Doctors must help remedy opioid crisis in Canada, CMA told

published on August 22, 2017 by Sheryl Ubelacker, The Canadian Press in CTV News

QUEBEC – Canada’s opioid epidemic isn’t a single crisis but a complex set of overlapping crises that will take multiple strategies to solve, a panel of experts told the annual meeting of the Canadian Medical Association on Tuesday.

“This is a crisis for Canada and every community is going to have to deal with it,” Dr. David Milne, a Calgary-based anesthetist told about 1,200 delegates attending the CMA meeting in Quebec City.

In B.C. alone, 967 people died of an opioid-related overdose last year and the province is on track for more than 1,500 such deaths in 2017, said Dr. Christy Sutherland, a family physician who treats patients in Vancouver’s Downtown Eastside.

“My patients don’t want to die and they live in daily fear of death,” she said. “When you use, each time because of the contaminated market of drugs in B.C., you’re worried that you’re going to die.”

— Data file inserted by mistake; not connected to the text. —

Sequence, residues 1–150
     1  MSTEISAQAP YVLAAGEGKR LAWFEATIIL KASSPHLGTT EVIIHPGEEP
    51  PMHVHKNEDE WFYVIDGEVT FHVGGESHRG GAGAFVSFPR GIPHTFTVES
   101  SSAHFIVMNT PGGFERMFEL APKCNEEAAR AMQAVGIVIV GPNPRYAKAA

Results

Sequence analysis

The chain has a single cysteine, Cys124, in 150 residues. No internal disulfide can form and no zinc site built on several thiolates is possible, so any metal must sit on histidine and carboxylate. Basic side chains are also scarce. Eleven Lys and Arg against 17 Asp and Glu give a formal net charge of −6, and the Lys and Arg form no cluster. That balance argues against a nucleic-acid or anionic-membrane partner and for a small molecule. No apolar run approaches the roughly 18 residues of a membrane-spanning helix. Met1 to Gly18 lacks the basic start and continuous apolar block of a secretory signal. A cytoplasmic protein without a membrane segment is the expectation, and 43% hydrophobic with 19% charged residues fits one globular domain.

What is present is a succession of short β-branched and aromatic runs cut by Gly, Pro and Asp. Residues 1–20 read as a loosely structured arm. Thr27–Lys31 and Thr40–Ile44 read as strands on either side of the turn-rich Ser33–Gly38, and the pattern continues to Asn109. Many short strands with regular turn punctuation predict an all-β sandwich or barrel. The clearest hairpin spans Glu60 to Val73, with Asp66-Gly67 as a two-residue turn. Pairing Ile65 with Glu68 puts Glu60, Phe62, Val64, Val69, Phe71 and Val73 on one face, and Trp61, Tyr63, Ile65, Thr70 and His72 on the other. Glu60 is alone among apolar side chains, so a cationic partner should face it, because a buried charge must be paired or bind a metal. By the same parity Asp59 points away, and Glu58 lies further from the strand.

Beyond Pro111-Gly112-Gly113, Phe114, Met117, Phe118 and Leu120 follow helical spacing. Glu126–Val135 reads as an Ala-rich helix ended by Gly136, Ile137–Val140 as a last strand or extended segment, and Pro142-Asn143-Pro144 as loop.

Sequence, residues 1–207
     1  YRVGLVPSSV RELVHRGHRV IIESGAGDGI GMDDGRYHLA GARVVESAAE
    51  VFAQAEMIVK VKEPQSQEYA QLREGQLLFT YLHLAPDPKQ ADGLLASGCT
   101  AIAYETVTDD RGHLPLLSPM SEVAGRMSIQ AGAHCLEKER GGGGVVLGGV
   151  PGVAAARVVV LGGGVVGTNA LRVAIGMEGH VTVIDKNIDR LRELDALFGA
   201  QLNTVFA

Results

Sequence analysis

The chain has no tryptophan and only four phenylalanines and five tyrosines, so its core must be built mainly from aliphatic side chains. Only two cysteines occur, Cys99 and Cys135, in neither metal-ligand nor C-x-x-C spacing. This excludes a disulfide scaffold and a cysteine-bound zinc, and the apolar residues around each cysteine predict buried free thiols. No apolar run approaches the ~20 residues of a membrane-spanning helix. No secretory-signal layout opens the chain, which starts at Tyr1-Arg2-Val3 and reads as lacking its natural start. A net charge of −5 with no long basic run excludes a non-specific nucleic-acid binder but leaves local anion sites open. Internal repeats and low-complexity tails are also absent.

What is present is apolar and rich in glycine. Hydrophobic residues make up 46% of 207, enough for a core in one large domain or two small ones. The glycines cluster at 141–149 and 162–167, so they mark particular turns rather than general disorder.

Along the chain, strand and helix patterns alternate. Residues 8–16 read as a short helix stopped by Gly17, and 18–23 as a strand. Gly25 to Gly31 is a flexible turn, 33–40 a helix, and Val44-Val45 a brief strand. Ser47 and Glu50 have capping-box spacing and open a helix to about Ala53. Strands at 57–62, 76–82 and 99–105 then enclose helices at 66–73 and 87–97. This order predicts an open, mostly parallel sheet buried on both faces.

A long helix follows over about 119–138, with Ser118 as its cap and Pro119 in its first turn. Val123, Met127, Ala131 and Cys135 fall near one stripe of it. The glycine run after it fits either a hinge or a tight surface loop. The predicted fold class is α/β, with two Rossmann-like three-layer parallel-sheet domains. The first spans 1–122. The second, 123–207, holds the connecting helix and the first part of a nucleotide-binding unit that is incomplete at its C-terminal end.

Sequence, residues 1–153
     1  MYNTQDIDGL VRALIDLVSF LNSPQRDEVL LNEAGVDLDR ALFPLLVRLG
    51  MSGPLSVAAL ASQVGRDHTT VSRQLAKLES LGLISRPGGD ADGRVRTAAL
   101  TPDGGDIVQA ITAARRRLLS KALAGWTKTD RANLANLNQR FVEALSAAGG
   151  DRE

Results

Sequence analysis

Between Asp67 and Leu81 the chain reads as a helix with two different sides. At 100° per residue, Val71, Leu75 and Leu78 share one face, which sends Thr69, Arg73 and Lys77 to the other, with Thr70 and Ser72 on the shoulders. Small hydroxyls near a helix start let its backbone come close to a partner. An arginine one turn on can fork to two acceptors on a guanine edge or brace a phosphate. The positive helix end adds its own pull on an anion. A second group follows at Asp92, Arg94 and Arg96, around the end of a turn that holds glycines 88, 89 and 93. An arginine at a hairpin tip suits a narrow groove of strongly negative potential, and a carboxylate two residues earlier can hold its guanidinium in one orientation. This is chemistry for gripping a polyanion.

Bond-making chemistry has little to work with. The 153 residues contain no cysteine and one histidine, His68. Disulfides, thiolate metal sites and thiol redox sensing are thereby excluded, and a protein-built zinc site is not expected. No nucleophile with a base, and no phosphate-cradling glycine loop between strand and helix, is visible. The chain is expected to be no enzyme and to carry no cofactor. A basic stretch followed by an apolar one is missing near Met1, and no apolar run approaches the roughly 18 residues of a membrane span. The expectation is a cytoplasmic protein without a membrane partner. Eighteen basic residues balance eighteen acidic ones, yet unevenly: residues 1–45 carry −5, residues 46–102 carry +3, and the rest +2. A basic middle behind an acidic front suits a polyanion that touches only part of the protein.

While the ultimate goal may be to help those addicted to opioids to get off the drugs through treatment with the replacement medications methadone or Suboxone, Sutherland said the immediate focus is on preventing people dying of an overdose after unwittingly taking a street drug laced with fentanyl.

“So my job is to keep them safe,” said Sutherland, who is involved with several harm-reduction programs, including Vancouver’s supervised-consumption site INSITE.

“You want drug users to feel welcome whatever program you are creating and then you want to target marginalized populations who are not engaged with the health-care system and for whom treatment is not an immediate realistic option,” she said.

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